Otitis Media

Also known as: middle ear infection, acute otitis media, AOM.

What is otitis media?

When the space behind the eardrum or middle ear (where the tiny bones pick up the vibrations of speech and relay them onto the inner ear for transmission to the brain for interpretation), gets infected, it’s known as otitis media. The middle ear is connected to the back of the throat (nasopharynx) by a tube called the Eustachian tube which allows for equalization of the pressure, (and keeps the air fresh), between the middle ear and outside. When a single episode of infection occurs it’s called acute otitis media. If it happens more often it’s called recurrent otitis media. If fluid collects in the middle ear is known as acute otitis media with effusion. If fluid remains in the middle ear for a long time or recurs even without infection it’s called chronic otitis media with effusion. Otitis media often affects children with 5 out of 6 children having at least one ear infection by the age of 3 years.

What causes otitis media? 

Otitis media usually occurs when there is a blockage of the soft Eustachian tube. The air there becomes stagnant and damp allowing for germs to multiply causing an infection. Blockage can occur after a viral or bacterial infection of the nasopharynx, with allergies, sinus infections or enlargement of the adenoids for other reasons. Risk factors include a family history of ear infections, prematurity, bottle feeding, use of a pacifier, prone sleeping position, children who attend daycare centers, a tobacco smoke environment, and children with abnormalities of the mouth or immune system.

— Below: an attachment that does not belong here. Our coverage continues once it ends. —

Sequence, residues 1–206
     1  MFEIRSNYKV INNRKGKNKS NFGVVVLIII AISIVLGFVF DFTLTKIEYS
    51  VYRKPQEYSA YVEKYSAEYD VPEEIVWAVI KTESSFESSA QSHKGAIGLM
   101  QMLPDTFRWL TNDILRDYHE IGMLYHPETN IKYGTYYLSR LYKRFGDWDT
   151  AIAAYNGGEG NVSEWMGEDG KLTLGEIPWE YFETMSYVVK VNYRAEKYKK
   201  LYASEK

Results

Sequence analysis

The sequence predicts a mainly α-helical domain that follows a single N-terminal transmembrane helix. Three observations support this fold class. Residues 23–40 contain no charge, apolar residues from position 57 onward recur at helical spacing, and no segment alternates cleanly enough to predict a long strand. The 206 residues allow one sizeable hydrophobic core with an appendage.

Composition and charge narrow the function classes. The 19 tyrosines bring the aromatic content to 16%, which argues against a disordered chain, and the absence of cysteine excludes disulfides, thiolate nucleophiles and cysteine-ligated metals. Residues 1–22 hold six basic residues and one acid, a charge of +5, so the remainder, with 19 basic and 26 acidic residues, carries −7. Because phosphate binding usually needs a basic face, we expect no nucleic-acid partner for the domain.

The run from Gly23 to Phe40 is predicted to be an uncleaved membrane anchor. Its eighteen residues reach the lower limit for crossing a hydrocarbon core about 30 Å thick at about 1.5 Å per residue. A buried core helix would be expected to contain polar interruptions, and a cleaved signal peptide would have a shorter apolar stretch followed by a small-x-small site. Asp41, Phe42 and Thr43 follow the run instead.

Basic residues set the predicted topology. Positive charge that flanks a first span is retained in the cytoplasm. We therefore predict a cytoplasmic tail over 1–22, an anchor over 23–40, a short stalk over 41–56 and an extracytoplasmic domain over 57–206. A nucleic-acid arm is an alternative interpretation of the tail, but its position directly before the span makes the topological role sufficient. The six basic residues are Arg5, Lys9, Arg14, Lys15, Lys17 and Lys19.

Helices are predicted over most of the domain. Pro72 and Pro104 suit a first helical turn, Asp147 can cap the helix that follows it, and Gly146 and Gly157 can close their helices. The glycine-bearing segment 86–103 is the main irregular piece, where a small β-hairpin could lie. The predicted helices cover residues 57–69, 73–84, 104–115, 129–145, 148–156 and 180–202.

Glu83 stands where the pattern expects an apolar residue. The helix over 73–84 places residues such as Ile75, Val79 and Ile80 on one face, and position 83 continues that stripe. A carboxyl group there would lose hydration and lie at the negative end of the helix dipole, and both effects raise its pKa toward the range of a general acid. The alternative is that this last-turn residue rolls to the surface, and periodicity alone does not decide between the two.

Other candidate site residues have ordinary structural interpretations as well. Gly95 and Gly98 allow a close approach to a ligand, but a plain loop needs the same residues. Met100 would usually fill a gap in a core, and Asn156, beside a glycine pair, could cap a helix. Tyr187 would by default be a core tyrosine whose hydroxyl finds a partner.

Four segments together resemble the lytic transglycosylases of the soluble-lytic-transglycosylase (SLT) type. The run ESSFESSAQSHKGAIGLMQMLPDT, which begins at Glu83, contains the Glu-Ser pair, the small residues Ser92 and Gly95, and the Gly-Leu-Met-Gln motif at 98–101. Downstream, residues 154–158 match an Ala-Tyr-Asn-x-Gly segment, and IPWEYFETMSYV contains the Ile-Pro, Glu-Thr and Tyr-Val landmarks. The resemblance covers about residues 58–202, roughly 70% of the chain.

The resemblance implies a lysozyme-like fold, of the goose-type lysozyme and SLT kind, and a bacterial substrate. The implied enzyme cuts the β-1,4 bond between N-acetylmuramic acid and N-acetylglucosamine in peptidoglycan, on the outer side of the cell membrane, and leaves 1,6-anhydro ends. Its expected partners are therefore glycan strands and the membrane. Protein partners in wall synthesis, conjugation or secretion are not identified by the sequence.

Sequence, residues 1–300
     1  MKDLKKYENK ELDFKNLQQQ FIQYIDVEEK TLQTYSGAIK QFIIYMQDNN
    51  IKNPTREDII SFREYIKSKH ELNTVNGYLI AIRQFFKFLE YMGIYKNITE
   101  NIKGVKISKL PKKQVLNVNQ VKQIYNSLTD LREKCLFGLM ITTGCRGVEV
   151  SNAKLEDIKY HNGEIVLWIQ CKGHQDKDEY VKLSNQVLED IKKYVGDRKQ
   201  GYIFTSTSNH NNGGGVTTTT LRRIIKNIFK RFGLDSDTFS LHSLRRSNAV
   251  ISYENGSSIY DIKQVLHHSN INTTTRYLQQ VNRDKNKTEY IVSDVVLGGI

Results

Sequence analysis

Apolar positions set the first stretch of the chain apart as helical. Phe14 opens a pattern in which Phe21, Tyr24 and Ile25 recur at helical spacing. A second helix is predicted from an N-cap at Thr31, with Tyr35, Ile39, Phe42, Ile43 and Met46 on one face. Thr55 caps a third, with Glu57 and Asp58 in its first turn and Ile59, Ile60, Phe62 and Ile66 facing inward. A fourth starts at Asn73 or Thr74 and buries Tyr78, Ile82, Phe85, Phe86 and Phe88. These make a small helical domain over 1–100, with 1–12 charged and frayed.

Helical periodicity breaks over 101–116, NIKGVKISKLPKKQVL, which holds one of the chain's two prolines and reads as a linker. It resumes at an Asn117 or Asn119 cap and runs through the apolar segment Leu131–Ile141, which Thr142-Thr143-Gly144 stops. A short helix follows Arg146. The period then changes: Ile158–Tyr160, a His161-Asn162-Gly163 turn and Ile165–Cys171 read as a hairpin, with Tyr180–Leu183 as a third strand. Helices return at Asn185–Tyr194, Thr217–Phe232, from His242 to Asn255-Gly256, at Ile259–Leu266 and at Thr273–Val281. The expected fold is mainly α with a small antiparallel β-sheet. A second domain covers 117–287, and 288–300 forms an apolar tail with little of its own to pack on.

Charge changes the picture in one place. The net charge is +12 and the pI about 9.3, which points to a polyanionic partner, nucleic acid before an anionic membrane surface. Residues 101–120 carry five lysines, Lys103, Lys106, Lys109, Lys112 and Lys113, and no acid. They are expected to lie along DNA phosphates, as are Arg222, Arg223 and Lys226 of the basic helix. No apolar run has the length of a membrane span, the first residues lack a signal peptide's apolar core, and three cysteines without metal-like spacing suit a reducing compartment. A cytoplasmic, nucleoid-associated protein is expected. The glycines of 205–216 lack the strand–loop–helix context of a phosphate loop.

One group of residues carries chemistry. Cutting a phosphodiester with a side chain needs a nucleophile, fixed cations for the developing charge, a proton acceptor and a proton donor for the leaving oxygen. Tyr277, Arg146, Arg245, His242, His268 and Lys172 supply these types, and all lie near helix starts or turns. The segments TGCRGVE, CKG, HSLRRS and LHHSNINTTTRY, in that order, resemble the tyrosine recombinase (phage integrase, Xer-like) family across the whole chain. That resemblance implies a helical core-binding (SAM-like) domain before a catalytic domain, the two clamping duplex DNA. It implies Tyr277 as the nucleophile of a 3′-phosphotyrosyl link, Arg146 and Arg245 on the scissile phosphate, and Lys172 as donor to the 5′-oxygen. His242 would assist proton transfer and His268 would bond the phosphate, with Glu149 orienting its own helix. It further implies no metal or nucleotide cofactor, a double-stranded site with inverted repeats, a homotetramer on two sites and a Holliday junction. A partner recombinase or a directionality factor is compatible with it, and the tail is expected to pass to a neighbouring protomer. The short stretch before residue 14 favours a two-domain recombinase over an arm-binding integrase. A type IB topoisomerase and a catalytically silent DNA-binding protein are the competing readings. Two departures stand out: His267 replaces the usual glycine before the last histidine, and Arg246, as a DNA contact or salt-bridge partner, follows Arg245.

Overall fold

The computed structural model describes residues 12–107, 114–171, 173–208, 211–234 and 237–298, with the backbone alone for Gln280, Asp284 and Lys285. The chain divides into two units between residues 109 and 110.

What are the symptoms of otitis media? 

In the newborn difficulty with feeds may be the only symptom. In older infants/children, in addition to complaining of ear pain, tugging on the ear, fluid drainage from the ear, fever, irritability, poor sleep and restlessness/fussiness, vomiting, diarrhea, hearing loss, headache are common symptoms.
 

What are otitis media care options? 

Antibiotics may be used for a bacterial infection though typically the cause is a viral infection that requires symptom treatment such as over-the-counter pain relievers (acetaminophen), ear drops or applying a warm washcloth to the ear. Depending on a number of factors needle drainage of an effusion through the eardrum, or the surgical placement of ventilating tubes into the eardrum may be undertaken. If otitis media is persistent or occurs frequently, removal of the adenoids may be recommended


Reviewed by: Jack Wolfsdorf, MD, FAAP

This page was last updated on: 3/23/2018 2:10:36 PM

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Meet our August Patient of the Month, Piero. Born at just 27 weeks old, Piero had to be admitted into the NICU at the hospital where he was born and was intubated to allow his lungs to continue developing.


From the Newsdesk

Meet Yamilet Tirado, MD - The Division of Otolaryngology (ENT) at Nicklaus Children's Hospital
04/11/2018 — Dr. Yamilet Tirado is employed by Pediatric Specialists of America (PSA), the physician-led multispecialty group practice of Nicklaus Children’s Health System. She is a pediatric otolaryngologist/ear, nose and throat (ENT) specialist within the Division of Otolaryngology and sees patients at Nicklaus Children's Hospital and the Nicklaus Children's Aventura Care Center.
August Patient of the Month: Piero
08/02/2017 — Meet our August Patient of the Month, Piero. Born at just 27 weeks old, Piero had to be admitted into the NICU at the hospital where he was born and was intubated to allow his lungs to continue developing.